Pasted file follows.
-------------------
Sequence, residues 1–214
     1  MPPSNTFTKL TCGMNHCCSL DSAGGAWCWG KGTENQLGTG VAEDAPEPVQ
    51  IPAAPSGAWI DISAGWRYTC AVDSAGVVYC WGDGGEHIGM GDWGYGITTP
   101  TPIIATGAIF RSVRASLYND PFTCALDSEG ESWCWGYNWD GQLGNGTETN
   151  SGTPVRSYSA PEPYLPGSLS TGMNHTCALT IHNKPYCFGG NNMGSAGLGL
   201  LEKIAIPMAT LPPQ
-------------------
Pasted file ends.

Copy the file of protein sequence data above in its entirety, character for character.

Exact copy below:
Sequence, residues 1–214
     1  MPPSNTFTKL TCGMNHCCSL DSAGGAWCWG KGTENQLGTG VAEDAPEPVQ
    51  IPAAPSGAWI DISAGWRYTC AVDSAGVVYC WGDGGEHIGM GDWGYGITTP
   101  TPIIATGAIF RSVRASLYND PFTCALDSEG ESWCWGYNWD GQLGNGTETN
   151  SGTPVRSYSA PEPYLPGSLS TGMNHTCALT IHNKPYCFGG NNMGSAGLGL
   201  LEKIAIPMAT LPPQ